Multiscale Modeling of Granular Matter for Earth and Space
The goal of the geomechanics group at Caltech is to understand, model, and predict the mechanical behavior of granular materials, and hence contribute to the understanding of a wide range of natural and manmade processes such as liquefaction, landslides, and planetary exploration. Geomechanics aims to describe the mechanical behavior of geologic materials such as soils, rocks, and concrete. While significant progress has been made in understanding material behavior, much of it has been predicated on phenomenology. Access at lower scales was not available and engineering problems had to be solved. However, the phenomenological approach has neared its predictive limits, especially in predicting instabilities, which truly originate at the grain scale. It is only in recent years that access to the grain scale has become available experimentally (e.g., X-ray CT) and computationally (e.g., DEM). Yet most of these grain scale techniques remain qualitative and continue to lack connection with the macroscopic framework (e.g., plasticity theory, critical state soil mechanics).
In light of the aforementioned advances and challenges, there remain a number of fundamental questions that we are interested in and require answers: what is the micro-origin of macro-strength, strength-dilatancy? How is critical state achieved micromechanically? What is the micromechanical state at the onset of instabilities? Why are instabilities localized or diffused? How do fluid-solid material transitions occur even in granular materials? These questions take our group into the realm of engineering science and provide the intellectual motivation for our interdisciplinary work at Caltech. To attempt answering these fundamental questions, we combine concepts in mechanics, physics, applied math, computational science, and geoscience, to develop a number of computational and analytical tools: novel micromechanical models to compute and measure grain-scale states, accurate macroscopic frameworks, and multiscale techniques to connect macro and micro processes.
We are currently transforming micromechanical models such as DEM by accounting for particle shapes and by connecting the method directly to advanced experimental techniques based on imaging (e.g., X-ray CT). We have invented a method called granular element method (GEM) that moves beyond photoelasticity and enables the inference of interparticle forces in real (opaque), three dimensional, granular materials. These two techniques promise to transform experimental mechanics by enabling the extraction of kinematics and contact forces at the granular level with an unprecedented level of accuracy. These kinematics and forces at the grain level can then be used within the multiscale techniques that we have pioneered in granular mechanics, where basic plastic internal variables in continuum models are updated directly from the micromechanics. These advances are leading us to develop physics-based constitutive models that can be used to predict instabilities that are localized or diffused, drained or undrained.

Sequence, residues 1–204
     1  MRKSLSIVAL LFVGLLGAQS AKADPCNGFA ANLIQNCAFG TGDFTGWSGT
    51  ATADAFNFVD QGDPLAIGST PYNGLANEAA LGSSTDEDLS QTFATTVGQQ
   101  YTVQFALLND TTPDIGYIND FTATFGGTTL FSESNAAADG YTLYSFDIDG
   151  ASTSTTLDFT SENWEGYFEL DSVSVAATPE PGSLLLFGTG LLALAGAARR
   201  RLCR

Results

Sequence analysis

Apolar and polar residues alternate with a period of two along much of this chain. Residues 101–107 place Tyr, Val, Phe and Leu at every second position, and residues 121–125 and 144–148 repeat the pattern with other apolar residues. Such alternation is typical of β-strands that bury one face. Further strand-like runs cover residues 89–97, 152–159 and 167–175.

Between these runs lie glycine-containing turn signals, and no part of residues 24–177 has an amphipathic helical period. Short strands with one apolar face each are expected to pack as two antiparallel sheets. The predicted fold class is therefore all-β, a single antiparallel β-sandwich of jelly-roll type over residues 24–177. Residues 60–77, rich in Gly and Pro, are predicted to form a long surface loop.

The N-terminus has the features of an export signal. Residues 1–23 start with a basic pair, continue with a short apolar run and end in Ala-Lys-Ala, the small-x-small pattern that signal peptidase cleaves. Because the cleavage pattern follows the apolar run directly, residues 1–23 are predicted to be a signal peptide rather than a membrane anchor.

The impact of the current advances in geomechanics is very broad, even in scales. From the micro scale, we can begin to understand the basic mechanisms at the heart of continuum phenomena such as compaction bands and critical state. At the meso scale, we can begin to understand the processes controlling granular flow, which impacts earthquake nucleation and landslides. At the engineering scale, we can begin to understand the complex interaction between rovers and sampling tools under low atmospheric pressure and gravity in celestial bodies or planets. We can begin to abandon phenomenology.
- Continuum mechanics
- Finite element modeling
- Computational particle mechanics
- Multiscale modeling
- Combined high-fidelity experimentation and advanced modeling
Current research team members:
- José E. Andrade (PI)
- Ivan Vlahinic (Senior Postdoc)
- Toktam Mohammadnejad (Postdoc)
- Daniel Arthur (Postdoc)
- Keng-Wit Lim (Ph.D. Candidate)
- Alex Jerves (Ph.D. Candidate)
- Utkarsh Mital (Ph.D. Candidate)
- Ryan Hurley (Ph.D. Candidate)
- Eloise Marteau (Ph.D. Student)
- Reid Kawamoto (Ph.D. Student)